Is Conditioning Necessary for Jiu Jitsu Success?
Conditioning does not always get the attention it deserves in jiu-jitsu classes. As Firas Zahabi of Tristar Gym in Montreal notes in the below video, a lot of jiu-jitsu gyms keep their classes to an hour, spending half an hour on technique, and then half an hour rolling. For Firas, this is problematic because he feels that you cannot be a successful fighter without conditioning.
While he acknowledges that jiu-jitsu fighters have the most sophisticated ground game, he notes that this lack of conditioning is a problem for at least three reasons. Without conditioning, it makes it very difficult to be an efficient fighter, it increases the likelihood of injury, and it makes training less enjoyable.
Weathering the Storm
What helped to make jiu-jitsu such an effective martial art was that it placed survival at the center of its philosophy. The crucial lesson that Grandmaster Hélio Gracie taught the world was that a fighter with patience, efficiency, and proper technique can defeat an opponent with superior strength, explosivity, and speed by biding their time and waiting for an opportune time to strike. What often goes unsaid is that the kind of patience that allowed Gracie to weather the storm of his opponent’s offense was only possible because he was in exceptional shape.
Efficiency of movement allows fighters to be patient and preserve their energy, but this strategy has its limits because everyone has a finite level of endurance. If that level of endurance is too low—meaning you get exhausted too quickly—you’re more likely to make a mistake and to get tapped. To keep you fighting at peak performance and to weather the storm, you need conditioning.
A related point that Firas brings up is that there is a major difference between rolling with a partner at class and an actual fight. The adrenaline of a real fight is exhausting and takes a lot out of even well-seasoned fighters. Without conditioning, Firas says you’ll do good in practice, but you’ll likely stumble when you need to engage in a real fight or a high-level tournament.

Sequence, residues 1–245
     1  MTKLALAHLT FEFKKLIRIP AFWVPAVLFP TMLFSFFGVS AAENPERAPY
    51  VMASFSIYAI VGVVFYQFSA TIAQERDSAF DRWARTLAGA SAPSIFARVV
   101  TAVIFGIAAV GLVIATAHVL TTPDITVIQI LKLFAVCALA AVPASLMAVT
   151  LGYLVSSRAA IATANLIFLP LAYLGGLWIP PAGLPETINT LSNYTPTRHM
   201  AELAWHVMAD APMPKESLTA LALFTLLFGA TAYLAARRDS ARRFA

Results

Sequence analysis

Conditioning is not only about building up your stamina or improving performance. It’s also important because it builds up muscle strength and flexibility. Without a good baseline of strength and flexibility, you are more likely to risk injury.
Firas recommends starting off with a warmup that gets your heart rate up, that engages different muscle groups and gets them loose, and that is light enough so that you don’t risk injury. Personally, he is a fan of playing a friendly basketball or soccer because neither one is a contact sport by nature. Since the game is meant just for fun and to get warm, no one should be aggressively going for rebounds or trying to take anyone out with a slide tackle. This kind of light exercise should be followed by stretches.
Firas then recommends conditioning or weight training after class. He does not recommend weight training or conditioning before class because the point of these exercises is to put stress on your muscle so that tissue breaks down. It then repairs itself and becomes stronger in the process. In order to effectively make those repairs and become stronger, the muscle needs to rest after it has been worked out. In fact, rather than thinking of these downtimes as “rest days”, think of them as “growth days” because this is when your body is actually building muscle.
When these muscles are stronger and more flexible, they can withstand more stress when you’re on the mat and leave you less susceptible to injury.
Finally, being out of shape takes the fun out of a lot of activities. This includes jiu-jitsu class. If you’re constantly catching your breath and feeling as though you might throw up from exhaustion, you’re not going to be focusing on your technique or trying a new sequence. More importantly, you’re not going enjoy learning about jiu-jitsu. This makes it less likely that you’ll want to come back to class.
Though jiu-jitsu class focuses more on technique than building endurance, this does not mean that it’s not important. Whether you’re just getting into jiu-jitsu or someone who has been training for a few years, you should consider conditioning and weight training to be integral parts of your jiu-jitsu practice because they will ultimately make you a better and more complete fighter.